American Airlines bans some emotional support animals

As more support animals try to fly, American Airlines says leave the goats at home | Miami Herald

American Airlines will ban a number of animals, including hedgehogs, sugar gliders and goats, from its flights, beginning July 1.

Suzanne Boda, American's Senior Vice President in Los Angeles, said in a video posted on the airline's website on Monday that the changes apply only to "support animals", and that the company's current policies regarding service animals would remain in place. Before that incident, comfort animals had already piqued the public's interest after a now-viral peacock tried to catch a plane in Newark earlier this year. Insects are not welcome, and neither are ferrets, snakes, spiders, animals with tusks, horns or hooves, or an animal that is unclean or has an odor. If an animal seems particularly violent or aggressive, it will also be prohibited from boarding a plane with its owner.

In announcing the policy update, American Airlines said it supports "the rights of customers, from veterans to people with disabilities, with legitimate needs for a trained service or support animal". Should we thank Li'l Sebastian?

These are the animals now also restricted from flying as support animals aboard American Airlines flights per the airline's latest animal restrictions.

Under the legislation, people who have mental disabilities who need to travel with emotional support or "psychiatric service" animals may still be able to fly with their animals. "Unfortunately, untrained animals can lead to safety issues for our team, our customers, and working dogs onboard our aircraft", the airlines said in a statement. Shortly afterward, it updated its rules for support animals, requiring owners to provide proof of an animal's health and swear it will be well-behaved.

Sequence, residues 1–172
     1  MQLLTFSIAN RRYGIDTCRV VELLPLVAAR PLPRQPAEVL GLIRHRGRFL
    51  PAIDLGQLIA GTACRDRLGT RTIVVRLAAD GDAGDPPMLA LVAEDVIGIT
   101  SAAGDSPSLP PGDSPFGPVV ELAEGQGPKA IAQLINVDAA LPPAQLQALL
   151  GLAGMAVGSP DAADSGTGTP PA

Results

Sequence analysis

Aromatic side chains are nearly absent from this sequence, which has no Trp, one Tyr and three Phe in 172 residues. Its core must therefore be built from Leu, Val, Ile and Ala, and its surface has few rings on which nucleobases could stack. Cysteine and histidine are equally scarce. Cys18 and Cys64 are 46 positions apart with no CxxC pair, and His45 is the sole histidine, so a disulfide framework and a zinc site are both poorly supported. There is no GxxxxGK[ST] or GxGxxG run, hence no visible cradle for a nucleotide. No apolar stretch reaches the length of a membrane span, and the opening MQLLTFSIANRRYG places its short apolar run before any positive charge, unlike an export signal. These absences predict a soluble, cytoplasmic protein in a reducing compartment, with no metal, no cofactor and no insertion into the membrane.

The animals must be tethered by a leash or harness at all times and won't be permitted in the cabin if they behave badly, such as by growling, lunging or attempting to bite people.

American Airlines joins its competitors in clamping down on passengers travelling with emotional support animals.

The airline said it met with a number of disability groups to get their input before making the changes, including My Blind Spot, an organization that works to make environments more accessible to everyone, regardless of disability. He also discusses how we support our customers who have disabilities and what we've done to ensure we make decisions that maximize both inclusiveness and safety.



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